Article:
Sunday, January 10, 2010

Haredim Should Do the Jobs 'Israelis Won't Do' Instead of East Asians

Ha'aretz, in a story about the rejection of a citizenship process request for a (past childbirth age, for what that is worth) Filipina woman so she could stay with her Israeli partner, dropped this bombshell:

A document obtained by Haaretz reveals that the decision reflects a trend of trying to prevent marriages between Israelis and Filipinas.

"Too many Filipinas are going this road. It must stop and they must be removed from the country," the document states.

Before the second intifada, a lot of menial jobs in Israel were done by Palestinians (not all of them, but a good number; obviously Jews did some and Arab Israelis did some as well). One of my memories from living in Israel (on Antigonus Street in Jerusalem) in 1997 was that the groundskeeper was Palestinian. I remember this primarily in the context that he could not come to work for a few weeks after the Mahane Yehuda suicide bombing.

After the second intifada began, Palestinians were (not unjustifiably) deemed to be a security threat, and so it became far harder for Palestinians to work in Israel, though many West Bank Palestinians still do. As a result, there was a menial labor shortage, and Israel began importing East Asian "guest workers" (Thai, Vietnamese, Filipino). Since Shas head Eli Yishai became Minister of the Interior (which controls immigration policy, among other things), he's been pushing for deportation of children of workers who were born in Israel, and of course this latest memo, among other things.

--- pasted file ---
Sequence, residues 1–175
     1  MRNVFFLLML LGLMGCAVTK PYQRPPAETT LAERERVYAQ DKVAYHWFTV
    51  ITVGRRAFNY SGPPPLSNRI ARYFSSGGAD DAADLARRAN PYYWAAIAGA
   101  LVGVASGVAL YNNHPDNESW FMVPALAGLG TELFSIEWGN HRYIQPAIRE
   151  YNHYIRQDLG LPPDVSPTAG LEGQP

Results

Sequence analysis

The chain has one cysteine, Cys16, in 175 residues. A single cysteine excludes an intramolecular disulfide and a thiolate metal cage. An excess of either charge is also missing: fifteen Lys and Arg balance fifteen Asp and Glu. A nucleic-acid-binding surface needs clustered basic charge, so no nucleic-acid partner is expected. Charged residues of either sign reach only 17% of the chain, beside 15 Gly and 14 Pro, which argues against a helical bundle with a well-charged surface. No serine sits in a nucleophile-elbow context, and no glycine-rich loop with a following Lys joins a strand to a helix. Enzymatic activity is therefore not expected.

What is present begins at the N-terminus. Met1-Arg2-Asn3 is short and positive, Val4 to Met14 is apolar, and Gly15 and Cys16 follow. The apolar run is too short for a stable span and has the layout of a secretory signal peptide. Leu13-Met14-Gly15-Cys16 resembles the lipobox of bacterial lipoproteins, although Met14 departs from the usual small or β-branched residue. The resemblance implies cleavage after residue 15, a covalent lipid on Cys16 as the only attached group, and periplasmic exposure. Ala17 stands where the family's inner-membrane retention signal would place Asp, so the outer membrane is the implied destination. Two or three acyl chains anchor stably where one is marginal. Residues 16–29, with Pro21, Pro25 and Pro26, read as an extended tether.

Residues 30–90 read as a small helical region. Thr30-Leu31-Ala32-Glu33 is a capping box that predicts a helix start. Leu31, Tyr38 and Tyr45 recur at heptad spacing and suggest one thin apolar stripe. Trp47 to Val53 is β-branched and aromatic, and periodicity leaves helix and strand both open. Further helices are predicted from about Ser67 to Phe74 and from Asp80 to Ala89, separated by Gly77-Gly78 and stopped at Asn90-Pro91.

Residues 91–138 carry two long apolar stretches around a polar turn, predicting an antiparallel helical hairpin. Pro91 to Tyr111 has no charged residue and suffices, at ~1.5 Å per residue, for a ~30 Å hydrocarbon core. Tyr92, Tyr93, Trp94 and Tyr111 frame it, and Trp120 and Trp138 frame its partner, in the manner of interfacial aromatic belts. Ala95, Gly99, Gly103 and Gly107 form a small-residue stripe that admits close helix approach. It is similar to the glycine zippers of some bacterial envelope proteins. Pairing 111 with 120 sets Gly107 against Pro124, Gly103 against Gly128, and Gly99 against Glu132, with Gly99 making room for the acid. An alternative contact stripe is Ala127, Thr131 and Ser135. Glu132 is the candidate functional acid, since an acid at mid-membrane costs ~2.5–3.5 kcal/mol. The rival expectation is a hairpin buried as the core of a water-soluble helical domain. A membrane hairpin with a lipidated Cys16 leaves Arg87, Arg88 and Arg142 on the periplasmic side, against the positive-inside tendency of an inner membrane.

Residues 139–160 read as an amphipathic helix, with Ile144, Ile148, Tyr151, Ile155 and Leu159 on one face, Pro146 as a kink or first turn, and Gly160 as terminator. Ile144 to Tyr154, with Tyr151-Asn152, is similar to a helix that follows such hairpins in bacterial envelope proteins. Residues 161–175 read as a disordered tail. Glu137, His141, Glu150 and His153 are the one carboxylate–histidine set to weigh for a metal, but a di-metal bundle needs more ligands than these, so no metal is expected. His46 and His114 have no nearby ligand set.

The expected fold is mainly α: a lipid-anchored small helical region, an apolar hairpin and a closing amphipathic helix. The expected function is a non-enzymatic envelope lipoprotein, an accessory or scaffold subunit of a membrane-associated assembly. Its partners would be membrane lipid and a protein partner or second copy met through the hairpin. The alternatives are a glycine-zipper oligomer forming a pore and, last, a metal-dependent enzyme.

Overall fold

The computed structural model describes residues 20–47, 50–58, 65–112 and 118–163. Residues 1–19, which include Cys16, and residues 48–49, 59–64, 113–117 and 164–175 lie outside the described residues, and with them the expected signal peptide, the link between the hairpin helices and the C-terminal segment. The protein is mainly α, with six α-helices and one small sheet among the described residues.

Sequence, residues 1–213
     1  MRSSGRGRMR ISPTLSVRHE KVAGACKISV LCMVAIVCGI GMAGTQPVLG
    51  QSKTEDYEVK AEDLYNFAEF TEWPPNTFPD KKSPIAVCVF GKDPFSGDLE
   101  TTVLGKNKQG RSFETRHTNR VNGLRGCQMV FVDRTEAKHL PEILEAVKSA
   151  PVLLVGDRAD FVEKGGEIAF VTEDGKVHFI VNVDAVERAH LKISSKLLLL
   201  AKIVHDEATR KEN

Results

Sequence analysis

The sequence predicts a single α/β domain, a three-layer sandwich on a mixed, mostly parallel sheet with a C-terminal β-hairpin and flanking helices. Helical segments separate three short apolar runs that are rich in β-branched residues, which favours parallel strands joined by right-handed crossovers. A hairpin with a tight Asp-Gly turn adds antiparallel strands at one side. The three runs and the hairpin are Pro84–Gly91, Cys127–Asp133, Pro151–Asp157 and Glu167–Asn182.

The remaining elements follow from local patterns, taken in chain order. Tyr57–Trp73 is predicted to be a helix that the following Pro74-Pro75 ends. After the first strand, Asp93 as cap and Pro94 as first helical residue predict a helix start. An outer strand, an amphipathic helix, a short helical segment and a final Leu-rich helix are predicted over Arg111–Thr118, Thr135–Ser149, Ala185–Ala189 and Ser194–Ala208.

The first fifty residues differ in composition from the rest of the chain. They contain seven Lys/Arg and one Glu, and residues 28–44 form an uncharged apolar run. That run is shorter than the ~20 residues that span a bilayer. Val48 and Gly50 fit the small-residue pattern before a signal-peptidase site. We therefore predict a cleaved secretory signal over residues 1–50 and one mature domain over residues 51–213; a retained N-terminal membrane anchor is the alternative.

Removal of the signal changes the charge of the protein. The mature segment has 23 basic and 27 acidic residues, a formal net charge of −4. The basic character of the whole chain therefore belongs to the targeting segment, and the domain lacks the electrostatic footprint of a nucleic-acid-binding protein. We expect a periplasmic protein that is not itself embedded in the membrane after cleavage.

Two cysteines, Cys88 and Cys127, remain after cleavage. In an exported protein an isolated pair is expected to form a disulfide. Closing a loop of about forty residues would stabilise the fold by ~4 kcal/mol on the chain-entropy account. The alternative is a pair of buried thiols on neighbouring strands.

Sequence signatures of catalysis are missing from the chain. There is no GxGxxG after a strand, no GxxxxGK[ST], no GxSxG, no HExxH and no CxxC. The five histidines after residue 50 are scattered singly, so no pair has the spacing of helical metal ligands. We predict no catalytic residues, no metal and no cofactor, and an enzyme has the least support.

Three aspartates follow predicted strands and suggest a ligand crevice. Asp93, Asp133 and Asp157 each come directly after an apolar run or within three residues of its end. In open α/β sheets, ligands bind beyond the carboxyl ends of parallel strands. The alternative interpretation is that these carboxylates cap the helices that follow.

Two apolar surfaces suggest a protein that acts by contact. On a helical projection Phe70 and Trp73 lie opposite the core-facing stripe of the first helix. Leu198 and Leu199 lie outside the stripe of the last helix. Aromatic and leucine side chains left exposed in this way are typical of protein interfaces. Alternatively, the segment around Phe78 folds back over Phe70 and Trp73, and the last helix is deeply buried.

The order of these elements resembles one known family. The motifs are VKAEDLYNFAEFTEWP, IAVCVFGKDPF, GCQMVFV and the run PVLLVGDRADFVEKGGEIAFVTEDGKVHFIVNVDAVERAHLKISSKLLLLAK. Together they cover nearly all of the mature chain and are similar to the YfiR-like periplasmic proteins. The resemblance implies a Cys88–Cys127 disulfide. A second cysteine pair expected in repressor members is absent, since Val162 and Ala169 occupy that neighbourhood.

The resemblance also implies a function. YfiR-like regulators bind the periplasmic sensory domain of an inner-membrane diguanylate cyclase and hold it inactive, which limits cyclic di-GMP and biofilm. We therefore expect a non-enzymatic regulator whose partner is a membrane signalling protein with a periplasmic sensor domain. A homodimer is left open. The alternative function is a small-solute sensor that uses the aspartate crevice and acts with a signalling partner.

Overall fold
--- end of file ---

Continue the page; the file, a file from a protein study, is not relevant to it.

Levi Brackman, a Haredi (I believe Chabad) rabbi from Colorado, notes that Haredim are contemplating selling kidneys to pay for his daughter and her husband-to-be to have an apartment so her husband could study Torah.

This is in fact what the great sages of old wanted when they said that the study of Torah must be accompanied by working at a trade or business to make a living (Ethics of the Fathers 2:2).

Rabbinic leadership is needed on the highest level to change a system that is forcing many in their communities to take desperate steps just to cover their families’ basic needs.


this does not exempt the haredi community from learning a profession or vocation so that they can become productive members of society. Many more haredi professional and vocational schools need to be developed and the societal pressure to become a full time Torah scholar or a teacher needs to be removed.

Of course, there are plenty of jobs in Israel which the (secular/professionally useful) education-lacking Haredim can do.

Agriculture would allow them to fulfill a whole bunch of mitzvot, and can be done in a perfectly tzniut way in today's world. Ditto for caregiving; they'd just work only with the same sex. As for construction; if Rabbi Hillel could be a carpenter, they can do construction work.

Oh, how I wish someone would propose this to Yishai. I'd love to see his reaction.

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